The first stage was the period of the French mandate over Syria until 1946 during which Sunnis formed the majority of the “Army of the East” (a French-given name). The French also formed their own special units that enjoyed a sectarian or ethnic nature that was passed onto the independence phase that lasted between 1946 and 1954.

The second stage was between 1954 and 1963 and saw officers more involved in politics than military affairs. This period saw the formation of five competing blocs and ended with the officers’ announcement of the unity with Abdel Nasser in February 1958.

The third stage, which was the first stage for the ideological army, was between 1963 and 1970, and saw conflict take place on sectarian basis between the different factions of the March 8, 1963, coup. This period also saw an expansion in the recruitment of Alawites in the army and security apparatus and the elimination of the influence of Sunni, Druze and Ismaili officers, a move that led to Alawites taking control of both institution. A conflict then emerged between the ruling Alawite elite, Salah Jadid and Hafez al-Assad, followed by the latter defeating the former in November 1970.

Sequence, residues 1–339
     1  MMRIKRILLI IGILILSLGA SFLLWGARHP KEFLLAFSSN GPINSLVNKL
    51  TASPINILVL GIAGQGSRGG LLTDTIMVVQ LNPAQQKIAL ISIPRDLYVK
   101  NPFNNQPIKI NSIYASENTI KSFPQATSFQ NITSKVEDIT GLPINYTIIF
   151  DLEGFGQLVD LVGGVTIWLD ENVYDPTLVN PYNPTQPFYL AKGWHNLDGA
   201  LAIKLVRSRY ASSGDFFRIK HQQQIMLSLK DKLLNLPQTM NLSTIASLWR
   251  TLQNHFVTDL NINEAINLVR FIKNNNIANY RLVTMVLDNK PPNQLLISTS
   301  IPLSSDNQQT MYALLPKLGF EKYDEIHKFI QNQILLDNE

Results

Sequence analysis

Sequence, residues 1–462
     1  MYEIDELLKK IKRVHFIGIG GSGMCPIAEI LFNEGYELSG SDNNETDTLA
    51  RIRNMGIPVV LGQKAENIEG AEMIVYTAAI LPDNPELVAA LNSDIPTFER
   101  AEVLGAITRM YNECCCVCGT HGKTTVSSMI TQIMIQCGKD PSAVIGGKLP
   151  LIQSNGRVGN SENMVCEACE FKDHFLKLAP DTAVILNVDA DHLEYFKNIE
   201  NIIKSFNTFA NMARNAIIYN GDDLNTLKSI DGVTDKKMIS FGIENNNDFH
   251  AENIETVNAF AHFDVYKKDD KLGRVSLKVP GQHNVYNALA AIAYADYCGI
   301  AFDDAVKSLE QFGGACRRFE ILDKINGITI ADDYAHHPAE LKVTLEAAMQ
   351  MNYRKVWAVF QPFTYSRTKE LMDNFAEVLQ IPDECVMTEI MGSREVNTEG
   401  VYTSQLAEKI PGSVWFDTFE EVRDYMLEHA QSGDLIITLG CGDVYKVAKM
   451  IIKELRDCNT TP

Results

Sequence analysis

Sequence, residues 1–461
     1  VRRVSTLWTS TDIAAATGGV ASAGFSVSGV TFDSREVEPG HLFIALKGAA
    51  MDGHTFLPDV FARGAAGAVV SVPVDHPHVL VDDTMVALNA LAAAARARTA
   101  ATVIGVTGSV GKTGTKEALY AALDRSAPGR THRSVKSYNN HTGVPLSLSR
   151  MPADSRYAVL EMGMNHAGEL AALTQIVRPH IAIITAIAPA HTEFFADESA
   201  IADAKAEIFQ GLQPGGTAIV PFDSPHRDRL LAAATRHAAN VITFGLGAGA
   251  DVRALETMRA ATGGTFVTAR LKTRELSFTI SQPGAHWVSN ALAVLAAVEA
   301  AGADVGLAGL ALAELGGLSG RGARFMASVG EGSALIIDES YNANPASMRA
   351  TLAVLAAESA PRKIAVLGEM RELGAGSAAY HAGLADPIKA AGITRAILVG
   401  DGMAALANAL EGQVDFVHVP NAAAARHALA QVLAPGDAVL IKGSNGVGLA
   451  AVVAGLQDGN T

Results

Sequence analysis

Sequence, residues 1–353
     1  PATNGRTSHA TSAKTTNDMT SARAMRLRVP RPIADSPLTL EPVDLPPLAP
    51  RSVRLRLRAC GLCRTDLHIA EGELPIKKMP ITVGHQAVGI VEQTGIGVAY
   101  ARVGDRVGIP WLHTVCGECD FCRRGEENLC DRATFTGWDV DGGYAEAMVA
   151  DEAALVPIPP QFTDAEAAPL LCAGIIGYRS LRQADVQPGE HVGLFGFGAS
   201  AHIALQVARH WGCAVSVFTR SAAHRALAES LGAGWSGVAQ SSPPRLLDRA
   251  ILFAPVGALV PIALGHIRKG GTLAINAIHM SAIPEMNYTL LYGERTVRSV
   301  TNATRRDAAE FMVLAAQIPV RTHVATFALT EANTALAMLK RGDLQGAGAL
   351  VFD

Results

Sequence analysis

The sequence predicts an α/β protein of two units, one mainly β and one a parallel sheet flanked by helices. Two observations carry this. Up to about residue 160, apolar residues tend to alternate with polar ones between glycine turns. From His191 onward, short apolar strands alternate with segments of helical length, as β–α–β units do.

The fourth stage, which was the second stage for the ideological army, was itself divided into two phases. The first phase was between 1970 and 1973, and saw the rebuilding of the army to prepare for war with Israel, while the second was between 1973 and 1983, and saw the establishment of an ideological army controlled by Alawites and the struggle with the Muslim Brotherhood.

The fifth stage, the post-1983 phase, saw the consecration of Hafez al-Assad, the rise of the slogan “our leader to infinity … the protecter Hafez al-Assad,” and the distribution of shares in military, security and civil duties among Alawite clans. The distribution of civil duties took place in accordance with sects and regions in ministries, parliament, local councils and party leaderships and its branches. This phase also saw the size of the army grow to half a million soldiers in a country of no more than 13 million people, as the political system completed its clientelistic structure.